by Mitch Kokai
Senior Political Analyst, John Locke Foundation
God bless the pointy little head of Pete Buttigieg, the insufferable and smug embodiment of what’s left of bourgeois values and McKinsey-certified respectability among Democrats. Not since David Brooks was ensorcelled by the crease in Barack Obama’s slacks has simple propriety seemed so remarkable.
Mayor Pete has one or two things in common with Barack Obama. Barack Obama was the first African American elected president, and Buttigieg, if elected, would be the first gay man elected president. …
… But though Buttigieg would be the first gay man elected president, he does not seem to have been invested with anything like the historical import that was attached to Obama. Partly that is because Buttigieg is a less charismatic figure than Obama and one who, so far, has resisted Obama’s messianic pretensions. But the more important factor there is that the discrimination and violence that have been inflicted on gay Americans are, while by no means trivial, not nearly as consequential to American national political culture and history as the enslavement and relentless oppression of African Americans, which is without equivalent in our past.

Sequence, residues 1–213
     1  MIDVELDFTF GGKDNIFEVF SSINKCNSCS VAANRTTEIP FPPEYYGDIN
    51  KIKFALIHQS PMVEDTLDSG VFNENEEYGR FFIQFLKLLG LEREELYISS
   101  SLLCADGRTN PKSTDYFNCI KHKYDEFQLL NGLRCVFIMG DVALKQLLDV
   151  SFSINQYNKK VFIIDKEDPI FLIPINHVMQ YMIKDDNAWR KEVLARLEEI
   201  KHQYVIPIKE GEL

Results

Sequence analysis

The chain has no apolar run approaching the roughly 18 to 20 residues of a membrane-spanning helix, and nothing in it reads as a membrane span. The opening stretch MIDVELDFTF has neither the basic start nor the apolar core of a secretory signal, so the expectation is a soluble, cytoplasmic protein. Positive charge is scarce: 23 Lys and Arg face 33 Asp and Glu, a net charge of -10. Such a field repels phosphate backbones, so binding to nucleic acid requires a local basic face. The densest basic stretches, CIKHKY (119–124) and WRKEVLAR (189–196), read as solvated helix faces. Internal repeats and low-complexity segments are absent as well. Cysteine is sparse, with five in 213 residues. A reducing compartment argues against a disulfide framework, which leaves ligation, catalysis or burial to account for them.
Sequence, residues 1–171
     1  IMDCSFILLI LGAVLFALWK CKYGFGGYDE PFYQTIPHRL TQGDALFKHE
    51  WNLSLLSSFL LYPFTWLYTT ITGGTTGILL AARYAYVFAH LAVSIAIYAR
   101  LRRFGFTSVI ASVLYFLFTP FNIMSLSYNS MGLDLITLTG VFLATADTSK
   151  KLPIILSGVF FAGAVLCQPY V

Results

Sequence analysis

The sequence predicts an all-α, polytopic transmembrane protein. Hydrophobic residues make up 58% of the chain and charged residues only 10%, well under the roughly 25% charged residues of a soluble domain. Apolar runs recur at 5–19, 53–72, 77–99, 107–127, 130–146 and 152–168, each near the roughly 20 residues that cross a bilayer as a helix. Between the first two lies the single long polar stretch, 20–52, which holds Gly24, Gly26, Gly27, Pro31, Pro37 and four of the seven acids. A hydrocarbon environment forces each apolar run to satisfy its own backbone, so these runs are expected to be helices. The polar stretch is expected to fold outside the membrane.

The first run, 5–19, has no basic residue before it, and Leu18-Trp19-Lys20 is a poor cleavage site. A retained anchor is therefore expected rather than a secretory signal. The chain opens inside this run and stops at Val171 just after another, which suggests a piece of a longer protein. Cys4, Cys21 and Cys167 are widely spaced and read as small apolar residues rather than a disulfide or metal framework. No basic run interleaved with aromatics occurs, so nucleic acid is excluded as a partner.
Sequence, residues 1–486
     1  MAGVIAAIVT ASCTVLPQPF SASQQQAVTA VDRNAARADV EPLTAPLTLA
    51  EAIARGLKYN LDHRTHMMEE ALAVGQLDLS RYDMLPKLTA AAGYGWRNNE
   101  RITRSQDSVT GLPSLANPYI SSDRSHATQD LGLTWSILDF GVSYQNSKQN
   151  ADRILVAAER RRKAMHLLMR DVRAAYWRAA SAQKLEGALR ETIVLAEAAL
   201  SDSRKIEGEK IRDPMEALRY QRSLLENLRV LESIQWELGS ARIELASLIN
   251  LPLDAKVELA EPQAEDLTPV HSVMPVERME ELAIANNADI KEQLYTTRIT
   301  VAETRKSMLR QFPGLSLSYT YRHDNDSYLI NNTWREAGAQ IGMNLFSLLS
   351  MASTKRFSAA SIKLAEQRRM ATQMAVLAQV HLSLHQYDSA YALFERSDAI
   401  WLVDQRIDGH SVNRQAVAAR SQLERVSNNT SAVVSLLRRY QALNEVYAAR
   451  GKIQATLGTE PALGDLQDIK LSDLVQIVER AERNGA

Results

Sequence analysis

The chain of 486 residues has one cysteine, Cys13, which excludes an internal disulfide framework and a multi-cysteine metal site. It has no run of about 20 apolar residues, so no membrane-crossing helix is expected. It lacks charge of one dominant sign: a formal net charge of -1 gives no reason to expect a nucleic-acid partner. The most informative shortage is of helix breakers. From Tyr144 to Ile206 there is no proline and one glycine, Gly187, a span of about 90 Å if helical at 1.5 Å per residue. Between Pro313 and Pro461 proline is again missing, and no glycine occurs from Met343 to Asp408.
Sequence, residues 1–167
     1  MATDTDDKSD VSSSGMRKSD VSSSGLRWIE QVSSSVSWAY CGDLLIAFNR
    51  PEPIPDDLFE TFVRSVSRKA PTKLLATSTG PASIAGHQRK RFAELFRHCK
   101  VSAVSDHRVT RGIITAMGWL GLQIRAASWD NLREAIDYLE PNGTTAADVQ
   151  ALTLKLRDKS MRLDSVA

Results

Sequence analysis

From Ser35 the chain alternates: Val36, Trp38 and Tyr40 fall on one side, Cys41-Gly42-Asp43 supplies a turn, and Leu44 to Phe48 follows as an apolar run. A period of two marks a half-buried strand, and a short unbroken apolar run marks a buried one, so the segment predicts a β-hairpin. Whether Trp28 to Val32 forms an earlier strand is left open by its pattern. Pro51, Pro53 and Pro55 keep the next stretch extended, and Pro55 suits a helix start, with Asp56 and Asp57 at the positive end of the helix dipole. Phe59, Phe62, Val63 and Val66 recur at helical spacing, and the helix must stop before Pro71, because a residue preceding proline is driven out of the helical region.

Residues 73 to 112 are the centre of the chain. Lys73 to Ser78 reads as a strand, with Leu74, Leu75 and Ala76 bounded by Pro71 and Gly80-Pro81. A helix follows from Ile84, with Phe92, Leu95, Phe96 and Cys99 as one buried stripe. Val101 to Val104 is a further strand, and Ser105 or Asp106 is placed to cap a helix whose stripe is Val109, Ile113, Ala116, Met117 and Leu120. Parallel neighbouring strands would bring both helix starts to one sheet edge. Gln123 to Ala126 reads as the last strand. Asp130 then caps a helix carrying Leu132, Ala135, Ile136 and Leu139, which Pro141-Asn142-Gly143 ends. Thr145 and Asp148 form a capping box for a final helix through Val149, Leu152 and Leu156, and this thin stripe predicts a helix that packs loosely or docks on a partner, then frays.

Buttigieg is sometimes criticized by those who want him to be what I suppose we must describe for lack of a better term as “more gay.” In a now-infamous (and almost immediate suppressed) essay in The New Republic (which still exists, if only in name), Dale Peck, a gay writer, reviled Buttigieg as a the “gay equivalent of Uncle Tom” and worried that the mayor, who made his sexuality public only later in life, had not sufficiently sown his wild gay oats and thus probably could not be expected to concentrate on the responsibilities of the presidency.